Jodi Arias sentencing: Arias back in court as jury ponders death option

PHOENIX - Jurors on Wednesday afternoon came to the conclusion that the state has proven an aggravating factor in the Jodi Arias murder trial.

The 32-year-old is now eligible to be sentenced to the death penalty.

Prosecutors focused on convincing jurors that Travis Alexander suffered tremendous pain as he fought for his life while Arias stabbed and slashed him nearly 30 times.

After about two hours of arguments and testimony, the same jurors who convicted Arias a week ago began deliberations to decide whether Alexander died an especially cruel, depraved and heinous death.

The penalty portion of the trial will begin Thursday to decide whether Arias should get a life sentence or death.

Alexander's family sobbed in the front row as prosecutor Juan Martinez took the jury through the killing one more time. He described how blood gushed from Alexander's chest, hands and throat as he stood at the sink in his master bathroom and looked into the mirror with Arias behind him.

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"The last thing he saw before he lapsed into unconsciousness ... was that blade coming to his throat," Martinez said. "And the last thing he felt before he left this earth was pain."

The "aggravation phase" of the trial played out in quick fashion, with only one prosecution witness and none for the defense. The most dramatic moments occurred when Martinez displayed photos of the bloody crime scene for the jury and paused in silence for two minutes to describe how long he said it took for Alexander to die at Arias' hands on June 4, 2008.

Arias, wearing a silky, cream-colored blouse, appeared to fight back tears most of the morning. She spent the weekend on suicide watch before being transferred back to an all-female jail where she will remain until sentencing.

"She made sure she killed him by stabbing him over and over and over again," Martinez said.

The defense didn't have much of a case given how many times Alexander was stabbed, the defensive wounds on his hands, the length of the attack, and the sheer amount of blood found at the scene. Defense lawyers said Alexander would have had so much adrenaline rushing through his body that he might not have felt much pain.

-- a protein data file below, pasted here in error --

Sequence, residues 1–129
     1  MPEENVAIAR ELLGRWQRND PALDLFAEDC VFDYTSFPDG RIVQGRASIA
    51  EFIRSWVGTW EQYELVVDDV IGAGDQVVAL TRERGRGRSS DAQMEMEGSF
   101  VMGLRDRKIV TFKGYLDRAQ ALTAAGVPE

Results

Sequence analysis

The only witness was the medical examiner who performed the autopsy and explained to jurors how Alexander did not die calmly and fought for his life as evidenced by the numerous defensive wounds on his body.

Minutes after her first-degree murder conviction last Wednesday, Arias granted an interview to KSAZ, only adding to the circus-like environment surrounding the trial that has become a cable TV sensation with its graphic tales of sex, lies and violence.

"Longevity runs in my family, and I don't want to spend the rest of my natural life in one place," a tearful Arias said. "I believe death is the ultimate freedom, and I'd rather have my freedom as soon as I can get it."

However, Arias cannot choose the death penalty. It's up to the jury to recommend a sentence.

Now in the final phase of the trial, prosecutors will call witnesses, including members of Alexander's family, aimed at convincing the panel she should face the ultimate punishment. Arias' attorneys will also call witnesses, likely members of her family, in an attempt to gain sympathy from jurors so they give her life in prison.

Arias acknowledged killing Alexander at his Mesa home. She initially denied any involvement then later blamed masked intruders. Two years after her arrest, she said it was self-defense when the victim attacked her after a day of sex.

She stabbed and slashed Alexander nearly 30 times, shot him in the forehead and slit his throat from ear to ear, leaving the motivational speaker and businessman nearly decapitated before she dragged his mutilated body into his shower where friends found him about five days later.

Prosecutors said Arias planned the killing in a jealous rage, as Alexander wanted to end their affair and planned to take a trip to Mexico with another woman.

Testimony in her trial began in early January. The jury reached its verdict after about 15 hours of deliberations over four days. All 12 jurors, eight men and four women, unanimously agreed the killing was premeditated.

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